Writing Tip #13-Drafting: How Do You Get The Manuscript Out Of Your Head And On The Page?

I love writing. I love teaching. I love teaching writing. I love listening to writers talk about their manuscripts. I love problem solving with writers. I love the delicacy and boldness of writing. These tips are things I’ve learned over the years that have held me in good stead and kept me going through the hard dry times. I hope they help you.

And hey, they are only a minute long. Click here.

Drafting is difficult for me. I can get maybe a hundred words on the page before my critical mind, who looks like Jabba The Hut by the way, starts asking, “is this the best word? Will this scene matter?” You get the idea. All judgment. No fun. So I’m always interested to hear how other writers draft their manuscripts. My friend, Anne Bustard says that drafting should be like playing in the sandbox. Kacen Callendar says that they draft late at night when their critical mind is too tired to make any comments. Jason Reynolds says he drafts very quickly. A whole novel in six months. What all of those tips have in common is that you have to get your critical mind out of the way so you can capture little bursts of brilliance while you’re exploring this new world. And having fun. How do you do it? Well I think it’s truly different for everyone. My tricks are doing long repetitive tasks that absorb my conscious mind so that my subconscious gets freed up. Taking a walk, a shower, a long drive. Sometimes vacuuming or washing dishes works. The point is to allow the subconscious mind, the bearer of story, the freedom to whisper, uninterrupted, to you. And then yes, write it down. Or record it. The minute Jabba appears, I stop. He’ll get his chance when it’s time to edit.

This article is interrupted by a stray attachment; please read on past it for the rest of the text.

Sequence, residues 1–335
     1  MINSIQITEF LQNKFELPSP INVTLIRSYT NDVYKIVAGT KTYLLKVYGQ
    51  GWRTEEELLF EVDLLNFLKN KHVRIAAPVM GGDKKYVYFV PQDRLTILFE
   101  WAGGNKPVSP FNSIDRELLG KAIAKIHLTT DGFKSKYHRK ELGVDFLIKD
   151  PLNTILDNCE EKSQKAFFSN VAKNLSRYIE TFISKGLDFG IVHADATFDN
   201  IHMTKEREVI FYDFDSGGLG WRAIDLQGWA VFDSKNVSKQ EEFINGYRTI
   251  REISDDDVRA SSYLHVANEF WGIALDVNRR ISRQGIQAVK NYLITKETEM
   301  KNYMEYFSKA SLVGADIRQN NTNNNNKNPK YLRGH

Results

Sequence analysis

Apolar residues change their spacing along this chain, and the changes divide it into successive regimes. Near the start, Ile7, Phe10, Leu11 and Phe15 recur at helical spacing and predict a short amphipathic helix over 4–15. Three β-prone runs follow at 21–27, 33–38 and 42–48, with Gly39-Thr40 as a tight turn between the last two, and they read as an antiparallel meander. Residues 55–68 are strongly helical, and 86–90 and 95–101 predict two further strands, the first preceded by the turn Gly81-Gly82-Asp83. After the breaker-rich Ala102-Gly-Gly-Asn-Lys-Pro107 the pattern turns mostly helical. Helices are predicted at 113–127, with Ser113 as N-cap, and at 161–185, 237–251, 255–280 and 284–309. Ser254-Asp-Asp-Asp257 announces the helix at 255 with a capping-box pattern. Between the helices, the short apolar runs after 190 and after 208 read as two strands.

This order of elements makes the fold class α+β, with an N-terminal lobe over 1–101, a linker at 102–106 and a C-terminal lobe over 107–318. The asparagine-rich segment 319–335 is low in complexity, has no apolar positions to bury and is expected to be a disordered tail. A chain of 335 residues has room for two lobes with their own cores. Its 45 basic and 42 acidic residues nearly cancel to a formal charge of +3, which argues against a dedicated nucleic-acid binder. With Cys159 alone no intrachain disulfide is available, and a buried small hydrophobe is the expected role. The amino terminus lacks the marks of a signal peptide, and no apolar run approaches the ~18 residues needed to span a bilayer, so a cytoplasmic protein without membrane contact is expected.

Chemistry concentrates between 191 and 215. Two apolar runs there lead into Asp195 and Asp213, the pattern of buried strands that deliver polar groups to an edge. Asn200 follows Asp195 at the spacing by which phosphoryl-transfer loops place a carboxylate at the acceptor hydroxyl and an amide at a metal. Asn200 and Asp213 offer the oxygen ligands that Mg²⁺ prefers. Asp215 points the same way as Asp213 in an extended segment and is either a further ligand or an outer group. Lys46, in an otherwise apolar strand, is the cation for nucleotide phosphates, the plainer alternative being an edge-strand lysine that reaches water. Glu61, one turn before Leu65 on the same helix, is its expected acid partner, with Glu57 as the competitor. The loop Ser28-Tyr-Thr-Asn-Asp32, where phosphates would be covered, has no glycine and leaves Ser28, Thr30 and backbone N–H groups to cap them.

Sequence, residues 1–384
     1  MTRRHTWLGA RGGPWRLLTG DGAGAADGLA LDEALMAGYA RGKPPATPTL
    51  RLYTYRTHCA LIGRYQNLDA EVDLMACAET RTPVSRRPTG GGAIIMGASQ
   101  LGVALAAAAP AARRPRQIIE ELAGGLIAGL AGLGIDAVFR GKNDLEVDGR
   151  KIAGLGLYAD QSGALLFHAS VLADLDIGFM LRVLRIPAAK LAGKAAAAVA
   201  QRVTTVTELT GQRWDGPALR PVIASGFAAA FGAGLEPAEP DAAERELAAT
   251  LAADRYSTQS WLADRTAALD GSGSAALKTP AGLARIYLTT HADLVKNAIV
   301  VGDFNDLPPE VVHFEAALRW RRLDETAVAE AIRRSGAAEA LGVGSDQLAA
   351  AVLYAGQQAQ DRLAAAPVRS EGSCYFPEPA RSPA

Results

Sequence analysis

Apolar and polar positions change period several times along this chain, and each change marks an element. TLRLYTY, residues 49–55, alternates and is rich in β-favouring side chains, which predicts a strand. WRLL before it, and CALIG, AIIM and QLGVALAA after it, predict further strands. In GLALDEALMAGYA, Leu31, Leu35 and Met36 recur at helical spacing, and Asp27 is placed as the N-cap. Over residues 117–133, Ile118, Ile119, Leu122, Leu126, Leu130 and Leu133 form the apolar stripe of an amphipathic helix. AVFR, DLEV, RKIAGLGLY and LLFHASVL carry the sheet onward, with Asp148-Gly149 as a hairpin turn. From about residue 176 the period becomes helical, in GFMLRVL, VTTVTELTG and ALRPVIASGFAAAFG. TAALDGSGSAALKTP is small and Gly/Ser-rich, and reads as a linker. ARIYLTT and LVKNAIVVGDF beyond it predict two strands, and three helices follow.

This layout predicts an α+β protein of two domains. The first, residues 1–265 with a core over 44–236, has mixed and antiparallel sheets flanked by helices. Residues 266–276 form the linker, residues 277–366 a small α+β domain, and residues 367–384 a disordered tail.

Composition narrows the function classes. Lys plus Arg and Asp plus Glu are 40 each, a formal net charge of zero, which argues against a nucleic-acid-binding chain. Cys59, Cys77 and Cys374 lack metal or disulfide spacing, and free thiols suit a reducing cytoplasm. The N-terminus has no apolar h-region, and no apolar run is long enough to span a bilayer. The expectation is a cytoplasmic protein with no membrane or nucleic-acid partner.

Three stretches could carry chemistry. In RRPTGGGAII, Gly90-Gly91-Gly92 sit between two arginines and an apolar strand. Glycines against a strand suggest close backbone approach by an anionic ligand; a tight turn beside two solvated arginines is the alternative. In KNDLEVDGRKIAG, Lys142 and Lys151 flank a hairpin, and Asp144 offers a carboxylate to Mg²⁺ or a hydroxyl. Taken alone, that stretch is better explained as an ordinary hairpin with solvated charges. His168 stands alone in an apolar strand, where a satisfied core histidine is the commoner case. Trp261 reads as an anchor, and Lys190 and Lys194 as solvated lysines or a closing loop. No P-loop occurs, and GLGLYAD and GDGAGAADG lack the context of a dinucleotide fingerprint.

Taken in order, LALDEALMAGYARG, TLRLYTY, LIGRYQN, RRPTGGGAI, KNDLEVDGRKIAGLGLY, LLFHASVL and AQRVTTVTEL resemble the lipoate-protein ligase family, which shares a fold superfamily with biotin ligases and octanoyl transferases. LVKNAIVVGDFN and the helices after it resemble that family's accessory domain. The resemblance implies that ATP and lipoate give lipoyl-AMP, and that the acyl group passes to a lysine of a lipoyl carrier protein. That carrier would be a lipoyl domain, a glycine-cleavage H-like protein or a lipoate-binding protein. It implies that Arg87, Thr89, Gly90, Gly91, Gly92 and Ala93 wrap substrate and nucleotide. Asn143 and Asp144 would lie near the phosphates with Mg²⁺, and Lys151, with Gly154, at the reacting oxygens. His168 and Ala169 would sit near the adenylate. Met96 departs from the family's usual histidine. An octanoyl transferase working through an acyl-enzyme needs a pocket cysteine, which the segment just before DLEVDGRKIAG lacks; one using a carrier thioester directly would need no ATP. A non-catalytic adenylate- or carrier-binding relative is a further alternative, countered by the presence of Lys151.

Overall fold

Thinking Out Loud – Random Bits

Over the years, random quotes have come to me through articles, letters or madly copied notes at conferences. I kept them because when I’ve read them or heard them, I felt that marvelous confluence between my heart and mind. Kind of like an ‘Aha.’ But also like an ‘MmmmHmmm, oh yes.’ What it feels like is my heart gets more open and softer, and my brain catches on fire with recognition and insight. Confluence. Heart and Mind. Art and Science. As far as I know, this confluence occurs only in humans. The result reminds us of our humanity.

“Trust is built in the small moments.”

“We write to fill the holes in our hearts, to discover the truth, to be brave.”

“When a heart is empty, it is blind to the struggles of others.”

“Loneliness is the space between what we have and what we want.”

“Captivity is an inside job.”

“Those who make peaceful revolution impossible, make violent revolution inevitable.”